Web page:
I've had this in both my shoulders. The first one (left) took about 8 months to heal completely. I tried stretching and light weights to improve it. That did not help. My endocrinologist (not a diabetic) had had the same. His advice was to let it run its' course. He strongly advised against surgery indicating that the condition would resolve itself. I hadn't expected this to occur on the other shoulder, but it did about 1 year later. That shoulder took longer to heal - about a year. Hopefully I've done my time now and this won't reoccur - I don't know. My endocrinologist doesn't think it will. ,At present, I'm just fine and have little/no loss of range of motion in either joint. Over the last year I've become a yoga enthusiast and my shoulders aren't holding me back.
Good luck Nicole - I think it will pass in time with no lasting harm.
I have never heard that frozen shoulder is common in type 1 diabetics. Does anyone know why that is?
I'm a PTA and I love it! I've been working in this field for about 2.5 years.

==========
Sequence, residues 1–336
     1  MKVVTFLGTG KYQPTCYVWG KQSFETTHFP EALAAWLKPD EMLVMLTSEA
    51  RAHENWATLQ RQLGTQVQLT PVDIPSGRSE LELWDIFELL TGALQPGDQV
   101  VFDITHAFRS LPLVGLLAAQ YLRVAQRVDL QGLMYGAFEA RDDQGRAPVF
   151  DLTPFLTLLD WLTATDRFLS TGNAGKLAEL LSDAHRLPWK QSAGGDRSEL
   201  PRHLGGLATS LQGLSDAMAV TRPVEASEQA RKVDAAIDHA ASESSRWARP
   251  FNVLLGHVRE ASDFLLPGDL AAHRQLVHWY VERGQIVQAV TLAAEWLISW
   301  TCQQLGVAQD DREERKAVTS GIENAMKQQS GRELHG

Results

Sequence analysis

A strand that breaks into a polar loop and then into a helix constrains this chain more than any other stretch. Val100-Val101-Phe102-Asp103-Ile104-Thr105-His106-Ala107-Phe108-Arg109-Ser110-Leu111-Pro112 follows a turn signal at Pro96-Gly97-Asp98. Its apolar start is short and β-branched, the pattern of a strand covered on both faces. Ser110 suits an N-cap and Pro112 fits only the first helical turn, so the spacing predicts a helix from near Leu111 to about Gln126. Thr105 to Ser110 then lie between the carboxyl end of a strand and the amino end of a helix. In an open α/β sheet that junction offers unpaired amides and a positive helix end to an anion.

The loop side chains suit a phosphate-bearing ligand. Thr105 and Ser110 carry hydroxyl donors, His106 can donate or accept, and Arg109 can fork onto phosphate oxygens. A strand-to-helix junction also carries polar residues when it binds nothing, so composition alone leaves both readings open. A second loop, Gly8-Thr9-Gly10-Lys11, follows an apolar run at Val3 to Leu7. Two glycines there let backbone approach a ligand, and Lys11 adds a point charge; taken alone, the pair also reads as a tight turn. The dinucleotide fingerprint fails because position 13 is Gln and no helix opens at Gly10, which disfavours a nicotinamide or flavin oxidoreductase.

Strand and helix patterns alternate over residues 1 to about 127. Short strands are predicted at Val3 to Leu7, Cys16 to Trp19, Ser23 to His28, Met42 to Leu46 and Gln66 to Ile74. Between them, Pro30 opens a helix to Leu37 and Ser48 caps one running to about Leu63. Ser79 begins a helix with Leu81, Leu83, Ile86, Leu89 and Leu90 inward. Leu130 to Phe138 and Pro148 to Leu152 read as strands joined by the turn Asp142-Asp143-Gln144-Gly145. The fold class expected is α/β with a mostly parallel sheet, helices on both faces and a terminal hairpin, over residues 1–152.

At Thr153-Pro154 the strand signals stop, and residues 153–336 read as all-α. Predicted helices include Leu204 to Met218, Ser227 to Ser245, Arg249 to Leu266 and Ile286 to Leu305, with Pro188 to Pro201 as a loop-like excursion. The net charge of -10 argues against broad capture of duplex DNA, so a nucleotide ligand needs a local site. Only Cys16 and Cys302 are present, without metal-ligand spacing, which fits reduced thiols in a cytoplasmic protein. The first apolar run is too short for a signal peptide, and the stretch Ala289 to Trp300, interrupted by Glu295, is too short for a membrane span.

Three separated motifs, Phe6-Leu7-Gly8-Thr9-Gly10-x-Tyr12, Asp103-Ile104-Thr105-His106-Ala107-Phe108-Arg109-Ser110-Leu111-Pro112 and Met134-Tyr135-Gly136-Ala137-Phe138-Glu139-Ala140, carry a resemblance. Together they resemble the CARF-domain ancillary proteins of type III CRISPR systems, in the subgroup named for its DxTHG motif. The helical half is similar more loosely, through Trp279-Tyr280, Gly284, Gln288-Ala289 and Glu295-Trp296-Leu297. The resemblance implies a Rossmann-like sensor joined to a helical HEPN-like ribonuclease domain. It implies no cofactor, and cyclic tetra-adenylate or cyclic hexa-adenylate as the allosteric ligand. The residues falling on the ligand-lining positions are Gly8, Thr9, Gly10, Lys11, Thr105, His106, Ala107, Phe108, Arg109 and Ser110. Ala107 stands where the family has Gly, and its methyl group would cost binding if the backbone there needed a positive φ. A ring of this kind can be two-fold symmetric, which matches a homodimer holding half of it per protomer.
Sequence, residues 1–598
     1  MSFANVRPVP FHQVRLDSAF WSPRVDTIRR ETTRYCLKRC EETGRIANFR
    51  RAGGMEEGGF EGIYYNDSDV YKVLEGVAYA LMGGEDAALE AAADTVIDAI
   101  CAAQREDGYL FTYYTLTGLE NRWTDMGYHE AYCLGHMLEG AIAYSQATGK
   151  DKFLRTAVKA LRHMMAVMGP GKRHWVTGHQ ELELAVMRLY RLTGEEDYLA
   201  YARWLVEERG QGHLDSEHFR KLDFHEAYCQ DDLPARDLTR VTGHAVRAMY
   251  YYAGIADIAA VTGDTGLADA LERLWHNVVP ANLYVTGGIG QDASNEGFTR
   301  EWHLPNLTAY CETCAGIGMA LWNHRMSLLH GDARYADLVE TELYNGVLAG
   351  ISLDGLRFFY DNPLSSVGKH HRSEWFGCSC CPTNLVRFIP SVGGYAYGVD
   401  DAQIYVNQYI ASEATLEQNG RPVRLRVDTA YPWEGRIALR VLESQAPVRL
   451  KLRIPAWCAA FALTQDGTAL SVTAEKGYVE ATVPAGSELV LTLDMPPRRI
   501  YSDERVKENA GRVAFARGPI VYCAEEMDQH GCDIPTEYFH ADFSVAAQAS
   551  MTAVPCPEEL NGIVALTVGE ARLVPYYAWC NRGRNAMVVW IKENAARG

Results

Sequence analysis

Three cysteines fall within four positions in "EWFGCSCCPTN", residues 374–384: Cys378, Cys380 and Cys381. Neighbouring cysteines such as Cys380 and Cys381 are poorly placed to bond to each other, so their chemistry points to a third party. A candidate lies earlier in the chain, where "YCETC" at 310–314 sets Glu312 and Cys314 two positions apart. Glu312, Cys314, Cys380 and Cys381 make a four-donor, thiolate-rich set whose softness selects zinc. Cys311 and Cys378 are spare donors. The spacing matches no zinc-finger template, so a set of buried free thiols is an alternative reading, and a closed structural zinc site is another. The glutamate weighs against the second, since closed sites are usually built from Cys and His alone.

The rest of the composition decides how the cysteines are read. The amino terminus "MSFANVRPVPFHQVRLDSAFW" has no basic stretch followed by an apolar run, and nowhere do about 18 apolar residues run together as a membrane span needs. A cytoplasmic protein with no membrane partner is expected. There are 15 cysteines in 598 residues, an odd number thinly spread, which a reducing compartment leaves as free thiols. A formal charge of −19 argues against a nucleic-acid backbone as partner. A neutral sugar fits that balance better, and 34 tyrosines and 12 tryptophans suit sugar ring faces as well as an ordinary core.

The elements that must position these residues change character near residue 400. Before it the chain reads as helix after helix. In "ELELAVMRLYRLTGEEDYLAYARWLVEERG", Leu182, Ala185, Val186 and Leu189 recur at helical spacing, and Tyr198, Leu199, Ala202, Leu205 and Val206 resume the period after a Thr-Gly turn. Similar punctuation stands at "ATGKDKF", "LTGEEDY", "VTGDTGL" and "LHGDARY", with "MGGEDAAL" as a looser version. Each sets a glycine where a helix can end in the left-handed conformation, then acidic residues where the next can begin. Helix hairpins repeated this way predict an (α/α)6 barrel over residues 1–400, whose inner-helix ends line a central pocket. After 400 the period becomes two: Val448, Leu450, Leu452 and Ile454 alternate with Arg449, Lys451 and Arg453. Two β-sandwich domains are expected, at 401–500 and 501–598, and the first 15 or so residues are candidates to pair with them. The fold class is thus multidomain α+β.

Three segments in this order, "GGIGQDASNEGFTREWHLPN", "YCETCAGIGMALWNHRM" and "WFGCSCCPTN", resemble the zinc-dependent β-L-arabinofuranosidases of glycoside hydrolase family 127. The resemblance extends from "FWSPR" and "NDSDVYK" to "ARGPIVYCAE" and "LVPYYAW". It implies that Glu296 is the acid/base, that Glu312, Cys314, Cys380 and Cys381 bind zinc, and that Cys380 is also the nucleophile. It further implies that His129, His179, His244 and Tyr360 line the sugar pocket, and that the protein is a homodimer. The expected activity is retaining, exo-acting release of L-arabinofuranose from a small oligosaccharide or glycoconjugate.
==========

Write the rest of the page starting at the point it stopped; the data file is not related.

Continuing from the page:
I work primarily in an outpatient clinic, but occasionally in the hospital and nursing home settings. Basically, I treat people of all ages, from babies to the elderly, for a wide range of diagnoses. I help people with congenital diseases/abnormalities (something they were born with, like cerebral palsy, torticollis, etc.), neurological issues (stroke, traumatic brain injury, brain tumor, etc.), sports injuries (ACL tears, fractures, etc.) occupational injuries (work-related), and orthopedic surgeries (rotator cuff repair, total knee replacement, total hip replacement, hip fracture, shoulder fracture just to name a few). I work with almost any body part from the foot, ankle, knee, hip, back, neck, and shoulder. Where I work, occupational therapy mostly focuses on elbow, wrist, and hand problems.